Saturday, October 25, 2014

What Not to Wear

I got into an argument with a friend recently.  The subject of my jury was brought up.  I started to explain the repertoire and how I imagined it would all go down.  I ended the explanation with a bit of a poke I knew she was not going to like:

“...and like hell I am wearing a gown.”

My friend’s face dropped and her pupils centered, she was obviously offended in some way, or maybe just confused?  She delved:

“Well, what do you mean?  What are you going to wear?”

I described my supposed black pant suit with red flowers.  

“Well, just to tell you now, people are going to think it odd.  And you may get in trouble.”

I hesitate to say it, but I live for these debates, so we went head to head on this touchy subject, eventually coming to no conclusion or agreement, as it tends to happen with conversations of art, freedom, and censorship.  She will do her thing, and I will do mine.  her reaction has been plaguing me so I did some research trying to find some examples of classical musicians who went against the norm and stepped outside of tradition.

The most discussed example I could find was from 2011.  Yuja Wang, an infamous concert pianist, was being blasted and equally applauded for wearing a less than formal skimpy orange dress for her performance at the Hollywood Bowl.  Here is a great photograph of the scandalous event.

This photograph is great because of the disapproving gentleman behind her.  This dress got so much press from this event, it shattered the classical music image for that window of a week.  There was a plethora of critiques which ranged a wide spectrum:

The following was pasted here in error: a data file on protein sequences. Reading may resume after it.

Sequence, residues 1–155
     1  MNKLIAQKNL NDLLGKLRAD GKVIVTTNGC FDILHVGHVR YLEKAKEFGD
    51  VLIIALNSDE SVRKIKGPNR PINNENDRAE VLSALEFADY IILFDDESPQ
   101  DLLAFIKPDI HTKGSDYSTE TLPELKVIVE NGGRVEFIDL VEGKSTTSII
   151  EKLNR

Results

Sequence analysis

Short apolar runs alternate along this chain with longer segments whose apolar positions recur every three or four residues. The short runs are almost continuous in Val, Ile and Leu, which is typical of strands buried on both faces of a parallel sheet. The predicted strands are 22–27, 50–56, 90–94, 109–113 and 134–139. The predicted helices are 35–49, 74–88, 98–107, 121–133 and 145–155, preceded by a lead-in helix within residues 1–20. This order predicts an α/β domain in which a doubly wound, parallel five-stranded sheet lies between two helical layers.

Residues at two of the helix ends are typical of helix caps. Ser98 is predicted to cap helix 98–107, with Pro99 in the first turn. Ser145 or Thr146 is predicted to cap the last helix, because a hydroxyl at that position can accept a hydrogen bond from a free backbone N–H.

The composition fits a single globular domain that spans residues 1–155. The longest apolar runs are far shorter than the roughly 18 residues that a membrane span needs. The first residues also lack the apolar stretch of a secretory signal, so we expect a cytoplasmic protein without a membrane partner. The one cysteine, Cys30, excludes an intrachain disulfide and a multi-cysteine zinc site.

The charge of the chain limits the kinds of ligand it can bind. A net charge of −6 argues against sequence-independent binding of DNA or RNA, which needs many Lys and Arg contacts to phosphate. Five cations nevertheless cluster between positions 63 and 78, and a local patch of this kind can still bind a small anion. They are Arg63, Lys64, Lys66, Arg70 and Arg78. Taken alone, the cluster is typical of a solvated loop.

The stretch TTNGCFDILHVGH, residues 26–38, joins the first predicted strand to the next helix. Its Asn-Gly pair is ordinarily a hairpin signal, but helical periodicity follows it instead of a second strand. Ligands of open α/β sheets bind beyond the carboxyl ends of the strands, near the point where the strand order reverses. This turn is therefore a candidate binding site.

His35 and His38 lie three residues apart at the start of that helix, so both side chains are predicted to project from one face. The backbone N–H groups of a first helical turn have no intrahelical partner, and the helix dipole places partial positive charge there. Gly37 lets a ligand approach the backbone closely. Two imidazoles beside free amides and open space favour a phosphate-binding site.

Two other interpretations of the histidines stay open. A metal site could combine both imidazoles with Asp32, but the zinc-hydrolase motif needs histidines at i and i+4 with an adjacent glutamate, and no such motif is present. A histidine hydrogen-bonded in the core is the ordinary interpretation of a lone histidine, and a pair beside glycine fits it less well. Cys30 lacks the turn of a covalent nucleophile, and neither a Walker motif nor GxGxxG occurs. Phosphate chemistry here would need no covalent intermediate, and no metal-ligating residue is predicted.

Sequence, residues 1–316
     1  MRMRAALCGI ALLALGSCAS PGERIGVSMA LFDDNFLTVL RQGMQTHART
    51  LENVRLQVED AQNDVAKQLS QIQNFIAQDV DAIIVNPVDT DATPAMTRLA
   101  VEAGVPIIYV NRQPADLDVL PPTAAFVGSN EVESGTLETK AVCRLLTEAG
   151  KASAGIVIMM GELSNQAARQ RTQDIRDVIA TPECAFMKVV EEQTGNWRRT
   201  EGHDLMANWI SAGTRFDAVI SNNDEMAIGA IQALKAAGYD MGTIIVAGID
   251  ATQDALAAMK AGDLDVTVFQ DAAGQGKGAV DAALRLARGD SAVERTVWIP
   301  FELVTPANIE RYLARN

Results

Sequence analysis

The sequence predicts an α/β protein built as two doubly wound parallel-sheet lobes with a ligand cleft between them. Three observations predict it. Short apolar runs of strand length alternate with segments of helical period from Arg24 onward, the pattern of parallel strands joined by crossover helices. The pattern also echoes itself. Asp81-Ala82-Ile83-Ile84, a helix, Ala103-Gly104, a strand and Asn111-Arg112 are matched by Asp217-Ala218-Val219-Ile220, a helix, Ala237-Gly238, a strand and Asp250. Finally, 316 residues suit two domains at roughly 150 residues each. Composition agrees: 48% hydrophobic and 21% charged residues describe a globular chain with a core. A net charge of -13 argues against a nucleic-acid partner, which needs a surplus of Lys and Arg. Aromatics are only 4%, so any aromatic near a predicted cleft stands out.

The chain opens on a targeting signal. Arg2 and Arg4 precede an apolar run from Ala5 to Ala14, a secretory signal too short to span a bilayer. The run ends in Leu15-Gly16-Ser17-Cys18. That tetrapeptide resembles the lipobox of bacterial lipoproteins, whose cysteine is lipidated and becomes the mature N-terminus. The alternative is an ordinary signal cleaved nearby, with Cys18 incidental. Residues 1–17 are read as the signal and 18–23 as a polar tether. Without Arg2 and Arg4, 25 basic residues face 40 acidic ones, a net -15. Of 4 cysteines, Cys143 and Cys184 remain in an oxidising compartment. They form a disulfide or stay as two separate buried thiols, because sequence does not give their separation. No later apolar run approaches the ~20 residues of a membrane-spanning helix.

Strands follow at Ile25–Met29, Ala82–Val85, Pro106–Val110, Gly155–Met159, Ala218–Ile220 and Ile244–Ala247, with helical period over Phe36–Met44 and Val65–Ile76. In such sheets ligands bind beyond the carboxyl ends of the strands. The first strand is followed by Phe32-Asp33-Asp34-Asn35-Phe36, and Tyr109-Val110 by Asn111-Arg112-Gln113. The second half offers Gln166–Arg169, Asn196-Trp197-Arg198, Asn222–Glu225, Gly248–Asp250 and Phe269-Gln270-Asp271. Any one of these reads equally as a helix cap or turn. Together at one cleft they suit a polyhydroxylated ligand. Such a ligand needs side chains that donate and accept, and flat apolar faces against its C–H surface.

“I cannot believe she wore that!” 
“Good for her, being herself on stage.”  
“She thinks she can do whatever she wants because she has made it as a classical musician.”
“It is a feminist move.”

And so on... I am not quite sure how I feel about the orange dress but I like that she did something as an individual, hopefully not for the attention, but more for artistic reasoning.  This is something I would like to see in the future of classical music.  More bold decisions, less tradition and rules.  Of course we are speaking only of what to wear, but the possibilities are endless for what can be represented through the music and the art mixed together.  I can see it going very wrong, but I would at least like to see an effort.  Why not explore what more a performance can be?   

Heres the 2011 article.

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